Property Damage Offences
If you have been charged with a property damage offence, the Local Court Lawyers can help. Crimes involving destroying or damaging property are taken very seriously by the local court and can carry a maximum penalty of 5 years imprisonment. If the crime is committed in the company of 1 or more people the maximum penalty may be as high as 6 years imprisonment. There are longer terms of imprisonment if the destruction or damage of property is caused by fire or explosives, or if the offence occurs during a ‘public disorder’.
A property damage conviction has the potential to adversely impact your reputation, your chances of gaining employment or result in your termination in circumstances where your job demands that you have no criminal record. A conviction may also hinder your chances of obtaining a visa for overseas travel.
It is rarely in your best interests to agree to a police interview (or ERISP) upon being charged with a property damage offence until you have sought competent legal advice. Provide your name and address and ask to speak to a lawyer before agreeing an interview, or “to assisting police with their enquiries”.
What is a property damage offence?
The offence of ‘malicious damage’ is defined in section 195 of the Crimes Act 1900 and provides that the offence of destroying or damaging property occurs when a person intentionally or recklessly destroys or damages property belonging to another.
What is property?
“Property” is defined in section 4 of the Crimes Act 1900 and includes: –
- Real (e.g. land or buildings) and personal property (e.g. vehicles, furniture, boats, phones, computers etc.);
- Valuable securities, debts, and legacies; and
- All deeds and instruments relating to, or evidencing the title or right to any property, or giving a right to recover or receive any money or goods.
What must the prosecution prove?
For the offence to be proved the prosecution must prove the following: –
- That you damaged or destroyed the property. Damage refers to the physical derangement of the property and may include breaking an object or vandalising property. It also includes actions such as deleting items from a hard-drive, defacing, altering or marking property. The damage DOES NOT have to be permanent; and
- The property belonged to another person other than the accused. However, if you are a co-owner of the property you may still be liable; and
- You intended to cause the damage or destruction, or you were reckless as to whether the damage or destruction could be caused by your actions. This means that you should have been able to foresee that your actions would result in destroying or damaging the property. You may have a defence if you can prove that your actions were a mistake or an accident, for example, tripping and stepping on someone’s phone or hitting a golf ball through somebody’s window (having a defence to a criminal action doesn’t always mean you are not liable for damages in a civil action, to recover losses flowing from the damage you caused).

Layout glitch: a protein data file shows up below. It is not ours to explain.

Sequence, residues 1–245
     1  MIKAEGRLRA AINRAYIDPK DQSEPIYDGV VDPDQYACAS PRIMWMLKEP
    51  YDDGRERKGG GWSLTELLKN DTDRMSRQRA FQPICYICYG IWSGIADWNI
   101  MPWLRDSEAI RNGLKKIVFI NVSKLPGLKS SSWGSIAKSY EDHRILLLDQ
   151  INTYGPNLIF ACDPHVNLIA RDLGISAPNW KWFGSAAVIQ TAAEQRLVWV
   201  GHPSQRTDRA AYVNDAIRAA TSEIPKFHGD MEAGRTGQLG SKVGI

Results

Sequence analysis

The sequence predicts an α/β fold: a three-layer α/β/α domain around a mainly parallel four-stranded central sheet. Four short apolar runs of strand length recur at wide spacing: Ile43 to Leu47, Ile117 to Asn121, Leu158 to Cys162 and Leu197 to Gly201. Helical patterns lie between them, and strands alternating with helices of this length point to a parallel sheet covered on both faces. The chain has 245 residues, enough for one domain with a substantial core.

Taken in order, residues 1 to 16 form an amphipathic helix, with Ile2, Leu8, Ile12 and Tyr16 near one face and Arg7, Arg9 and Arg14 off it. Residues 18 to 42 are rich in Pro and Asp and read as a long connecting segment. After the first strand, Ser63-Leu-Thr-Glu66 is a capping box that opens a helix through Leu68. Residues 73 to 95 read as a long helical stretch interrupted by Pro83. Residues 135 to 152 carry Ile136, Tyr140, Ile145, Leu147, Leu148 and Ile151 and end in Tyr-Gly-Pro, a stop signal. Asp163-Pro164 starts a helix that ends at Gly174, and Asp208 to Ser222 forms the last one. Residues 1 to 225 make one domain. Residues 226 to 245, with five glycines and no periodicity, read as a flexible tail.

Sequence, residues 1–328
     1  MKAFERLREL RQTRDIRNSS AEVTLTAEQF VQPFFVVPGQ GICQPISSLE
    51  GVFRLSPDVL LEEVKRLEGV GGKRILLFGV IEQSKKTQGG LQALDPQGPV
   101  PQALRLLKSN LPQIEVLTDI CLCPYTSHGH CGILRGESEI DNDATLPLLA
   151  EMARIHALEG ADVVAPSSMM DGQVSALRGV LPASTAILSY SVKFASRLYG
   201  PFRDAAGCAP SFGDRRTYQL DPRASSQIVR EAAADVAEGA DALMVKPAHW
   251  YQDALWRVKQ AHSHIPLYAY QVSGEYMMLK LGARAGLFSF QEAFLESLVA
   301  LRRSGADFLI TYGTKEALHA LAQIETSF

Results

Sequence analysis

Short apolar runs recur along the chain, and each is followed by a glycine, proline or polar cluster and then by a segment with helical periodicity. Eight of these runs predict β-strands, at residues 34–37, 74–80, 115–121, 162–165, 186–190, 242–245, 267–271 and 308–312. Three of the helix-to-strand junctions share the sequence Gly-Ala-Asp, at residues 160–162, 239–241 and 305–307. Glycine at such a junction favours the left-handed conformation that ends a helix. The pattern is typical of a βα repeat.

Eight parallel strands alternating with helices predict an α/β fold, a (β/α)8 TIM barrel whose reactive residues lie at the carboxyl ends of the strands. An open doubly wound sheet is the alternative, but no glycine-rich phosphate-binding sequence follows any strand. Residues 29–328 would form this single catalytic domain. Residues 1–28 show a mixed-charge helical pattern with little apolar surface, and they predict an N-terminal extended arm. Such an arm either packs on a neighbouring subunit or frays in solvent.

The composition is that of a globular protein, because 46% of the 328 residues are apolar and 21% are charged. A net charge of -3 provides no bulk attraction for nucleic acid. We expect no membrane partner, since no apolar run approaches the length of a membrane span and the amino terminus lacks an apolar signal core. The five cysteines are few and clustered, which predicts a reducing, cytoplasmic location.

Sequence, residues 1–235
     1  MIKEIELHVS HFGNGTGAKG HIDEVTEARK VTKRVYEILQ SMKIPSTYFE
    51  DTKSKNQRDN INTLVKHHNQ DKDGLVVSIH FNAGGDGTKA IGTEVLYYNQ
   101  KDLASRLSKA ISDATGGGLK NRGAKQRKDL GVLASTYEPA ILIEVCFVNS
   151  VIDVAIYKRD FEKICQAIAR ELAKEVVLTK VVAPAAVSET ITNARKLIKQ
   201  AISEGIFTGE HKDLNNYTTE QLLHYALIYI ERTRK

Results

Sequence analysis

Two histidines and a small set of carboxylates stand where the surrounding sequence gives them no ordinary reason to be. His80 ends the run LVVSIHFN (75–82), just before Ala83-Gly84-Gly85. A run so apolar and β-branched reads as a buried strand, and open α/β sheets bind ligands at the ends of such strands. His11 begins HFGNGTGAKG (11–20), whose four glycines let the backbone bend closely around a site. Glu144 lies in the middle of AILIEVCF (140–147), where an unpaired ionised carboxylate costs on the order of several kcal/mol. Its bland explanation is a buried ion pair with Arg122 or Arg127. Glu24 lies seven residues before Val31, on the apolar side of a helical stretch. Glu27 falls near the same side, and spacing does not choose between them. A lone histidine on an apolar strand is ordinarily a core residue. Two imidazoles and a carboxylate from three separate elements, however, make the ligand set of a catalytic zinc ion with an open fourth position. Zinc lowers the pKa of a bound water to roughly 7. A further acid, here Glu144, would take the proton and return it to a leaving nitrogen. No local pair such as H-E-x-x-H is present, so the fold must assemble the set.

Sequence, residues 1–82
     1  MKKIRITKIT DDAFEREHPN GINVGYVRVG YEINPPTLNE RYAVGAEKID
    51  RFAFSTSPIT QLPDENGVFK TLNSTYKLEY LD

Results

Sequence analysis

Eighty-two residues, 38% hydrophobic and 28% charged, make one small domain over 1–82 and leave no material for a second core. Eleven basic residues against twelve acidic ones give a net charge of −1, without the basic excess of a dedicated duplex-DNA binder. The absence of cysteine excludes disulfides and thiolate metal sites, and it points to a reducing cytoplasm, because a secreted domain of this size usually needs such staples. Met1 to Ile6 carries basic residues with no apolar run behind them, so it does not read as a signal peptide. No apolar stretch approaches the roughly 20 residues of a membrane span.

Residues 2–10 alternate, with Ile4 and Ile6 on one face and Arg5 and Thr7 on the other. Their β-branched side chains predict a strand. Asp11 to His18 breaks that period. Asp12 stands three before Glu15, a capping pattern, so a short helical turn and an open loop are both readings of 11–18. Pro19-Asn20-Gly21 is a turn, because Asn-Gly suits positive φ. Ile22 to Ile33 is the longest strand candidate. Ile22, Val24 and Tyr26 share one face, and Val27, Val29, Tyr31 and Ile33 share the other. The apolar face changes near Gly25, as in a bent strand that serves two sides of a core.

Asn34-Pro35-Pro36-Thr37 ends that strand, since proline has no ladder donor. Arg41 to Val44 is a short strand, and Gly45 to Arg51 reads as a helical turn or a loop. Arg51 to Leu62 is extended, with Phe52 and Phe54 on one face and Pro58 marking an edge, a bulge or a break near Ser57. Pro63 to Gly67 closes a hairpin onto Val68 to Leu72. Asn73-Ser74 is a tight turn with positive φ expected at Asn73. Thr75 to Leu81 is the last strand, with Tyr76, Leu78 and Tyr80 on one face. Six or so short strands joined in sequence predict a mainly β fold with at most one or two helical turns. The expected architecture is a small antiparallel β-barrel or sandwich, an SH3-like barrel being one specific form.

Threaten to destroy or damage property
It is an offence to threaten to damage or destroy the property of another with the intention of causing that person to fear that the threat would be carried out. This includes knowing that if the person were to carry out the threat it will or is likely to endanger the life or to cause bodily injury to another person. This offence carries a maximum term of imprisonment of 5 years or if the threat to damage or destroy occurs during a ‘public disorder’ then the maximum term increases to 6 years.
A ‘personal violence offence’ is the term given to a group of criminal offences in the Crimes Act 1900 (NSW) and the Crimes (Domestic and Personal Violence) Act 2007 (NSW).
If you are found guilty of malicious damage and the property owner is a person you are in a “domestic relationship with”, then it becomes a domestic violence offence. This makes the offence more serious and includes the legislative requirement of the making of an Apprehended Domestic Violence Order (ADVO).
The Act defines the meaning of domestic relationship broadly. A person is in a domestic relationship with another person if the person is or has been:
- married to
- in a de facto relationship with
- in an intimate personal relationship with
- in a relationship involving his or her dependence on the ongoing paid or unpaid care of
- a relative of the other person.
Two people are also in a domestic relationship when they live, or have lived together:
- in the same household
- as long-term residents in the same residential facility (excluding correctional and detention centres)
If this is a situation in which you find yourself, prompt legal representation is strongly advised.